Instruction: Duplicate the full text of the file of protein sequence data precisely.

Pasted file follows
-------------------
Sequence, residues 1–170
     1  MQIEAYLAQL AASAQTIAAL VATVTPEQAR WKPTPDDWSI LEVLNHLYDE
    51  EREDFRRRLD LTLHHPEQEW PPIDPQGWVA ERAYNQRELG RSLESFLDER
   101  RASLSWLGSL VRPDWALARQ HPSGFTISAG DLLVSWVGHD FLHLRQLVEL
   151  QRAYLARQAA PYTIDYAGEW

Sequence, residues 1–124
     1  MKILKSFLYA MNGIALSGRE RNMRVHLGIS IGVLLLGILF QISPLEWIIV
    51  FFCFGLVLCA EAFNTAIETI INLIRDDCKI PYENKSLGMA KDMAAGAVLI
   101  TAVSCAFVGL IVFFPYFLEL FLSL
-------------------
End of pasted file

Sequence, residues 1–170
     1  MQIEAYLAQL AASAQTIAAL VATVTPEQAR WKPTPDDWSI LEVLNHLYDE
    51  EREDFRRRLD LTLHHPEQEW PPIDPQGWVA ERAYNQRELG RSLESFLDER
   101  RASLSWLGSL VRPDWALARQ HPSGFTISAG DLLVSWVGHD FLHLRQLVEL
   151  QRAYLARQAA PYTIDYAGEW

Sequence, residues 1–124
     1  MKILKSFLYA MNGIALSGRE RNMRVHLGIS IGVLLLGILF QISPLEWIIV
    51  FFCFGLVLCA EAFNTAIETI INLIRDDCKI PYENKSLGMA KDMAAGAVLI
   101  TAVSCAFVGL IVFFPYFLEL FLSL